Desert nomads fighting for the independence of their Tuareg homeland have exploited the disarray in Bamako to make gains on the battlefield, prompting the junta to call for a ceasefire and negotiations.
"We call on them to cease hostilities and to come to the negotiating table as soon as possible," junta leader Captain Amadou Sanogo said late Monday.
"Everything is negotiable except national territorial integrity and the unity of our country," he added.
…
The International Crisis Group said Monday that the anger among the army runs deeper than its losses, both human and military, in the north.
"The end of President Toure’s term has been marked by an inconsistent security policy in the north. High army commanders have also been regularly accused of nepotism, corruption, inefficiency and lack of accountability," the thinktank said in a statement.
FULL ARTICLE (AFP)
Photo: FIFLAOUS/Wikimedia Commons

BAMAKO — Businesses reopened and children returned to school Tuesday as Malians heeded a call by the junta to return to work, but the putschists faced further pressure as west African leaders held emergency talks.

The military rulers were trying to restore order as they fought off opprobrium at home and abroad for their ouster of President Amadou Toumani Toure on March 22 in anger over the regime’s handling of a northern Tuareg rebellion.

Toure’s situation has been unclear since he was forced to flee when mutineering soldiers shot their way to his palace but France said its ambassador had had a reassuring phone conversation with the ousted leader.

Desert nomads fighting for the independence of their Tuareg homeland have exploited the disarray in Bamako to make gains on the battlefield, prompting the junta to call for a ceasefire and negotiations.

"We call on them to cease hostilities and to come to the negotiating table as soon as possible," junta leader Captain Amadou Sanogo said late Monday.

"Everything is negotiable except national territorial integrity and the unity of our country," he added.

The International Crisis Group said Monday that the anger among the army runs deeper than its losses, both human and military, in the north.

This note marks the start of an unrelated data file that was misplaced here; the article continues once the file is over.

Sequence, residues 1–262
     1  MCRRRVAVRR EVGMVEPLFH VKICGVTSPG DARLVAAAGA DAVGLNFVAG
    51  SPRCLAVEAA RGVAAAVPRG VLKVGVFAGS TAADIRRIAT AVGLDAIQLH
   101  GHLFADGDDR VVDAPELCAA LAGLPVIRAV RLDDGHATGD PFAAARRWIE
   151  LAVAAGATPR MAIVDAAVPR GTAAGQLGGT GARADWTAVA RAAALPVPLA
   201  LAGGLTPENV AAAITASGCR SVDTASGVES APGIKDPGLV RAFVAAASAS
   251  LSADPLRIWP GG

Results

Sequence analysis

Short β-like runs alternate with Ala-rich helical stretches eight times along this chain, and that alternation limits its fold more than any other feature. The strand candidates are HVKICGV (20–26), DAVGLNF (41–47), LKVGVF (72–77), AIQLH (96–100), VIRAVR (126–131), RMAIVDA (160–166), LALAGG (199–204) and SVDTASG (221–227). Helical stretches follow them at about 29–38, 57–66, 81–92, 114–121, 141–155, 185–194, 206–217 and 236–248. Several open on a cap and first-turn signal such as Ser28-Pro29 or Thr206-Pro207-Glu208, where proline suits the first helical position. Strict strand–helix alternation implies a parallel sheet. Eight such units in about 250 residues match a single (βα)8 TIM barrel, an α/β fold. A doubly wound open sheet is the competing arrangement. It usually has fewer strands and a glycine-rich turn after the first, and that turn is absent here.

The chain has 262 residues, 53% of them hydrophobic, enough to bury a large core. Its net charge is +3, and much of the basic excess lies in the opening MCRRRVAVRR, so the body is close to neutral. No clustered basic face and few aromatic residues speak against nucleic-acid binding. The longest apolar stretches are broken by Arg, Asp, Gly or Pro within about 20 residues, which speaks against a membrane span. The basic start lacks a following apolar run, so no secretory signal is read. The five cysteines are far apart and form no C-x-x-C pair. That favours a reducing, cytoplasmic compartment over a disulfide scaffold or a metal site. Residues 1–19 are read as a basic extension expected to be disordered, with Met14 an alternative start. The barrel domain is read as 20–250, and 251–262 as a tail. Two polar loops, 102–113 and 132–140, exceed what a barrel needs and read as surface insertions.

"The end of President Toure’s term has been marked by an inconsistent security policy in the north. High army commanders have also been regularly accused of nepotism, corruption, inefficiency and lack of accountability," the thinktank said in a statement.

FULL ARTICLE (AFP)

Photo: FIFLAOUS/Wikimedia Commons

23 Mar
LA Times: Mali coup decried by Western and African leaders
Giles Yabi, West Africa analyst for the International Crisis Group, said the uprising came as no surprise given the depth of anger within the military over the issue of government provisions to fight the Tuareg rebels, as well as other complaints. What happens next depends at least in part on Toure’s fate, he said."If the president is in a military camp with some of the loyalists, the situation can still evolve," Yabi said.
He said dissatisfaction was rife even before the Tuareg rebellion, with rumors of a possible military coup circulating last year. 
"The frustration in the army was not only about the immediate reaction to the crisis in the north and the lack of military equipment," he said. "There were complaints about corruption amongst senior officials in the military. There were some complaints about favoritism in the army and the way soldiers were chosen to go to fight in the north."
FULL ARTICLE: (LA Times) 

LA Times: Mali coup decried by Western and African leaders

Giles Yabi, West Africa analyst for the International Crisis Group, said the uprising came as no surprise given the depth of anger within the military over the issue of government provisions to fight the Tuareg rebels, as well as other complaints. What happens next depends at least in part on Toure’s fate, he said.

"If the president is in a military camp with some of the loyalists, the situation can still evolve," Yabi said.

He said dissatisfaction was rife even before the Tuareg rebellion, with rumors of a possible military coup circulating last year. 

"The frustration in the army was not only about the immediate reaction to the crisis in the north and the lack of military equipment," he said. "There were complaints about corruption amongst senior officials in the military. There were some complaints about favoritism in the army and the way soldiers were chosen to go to fight in the north."

FULL ARTICLE: (LA Times) 

21 Feb

FT: Mali steps up battle against Tuareg revolt

Xan Rice

Mali’s army has launched an air-and-land offensive to try to crush a new Tuareg rebellion that was inspired by the return from Libya of fighters who had served under Muammer Gaddafi.

FULL ARTICLE (Financial Times) 

Photo: bbcworldservice/Flickr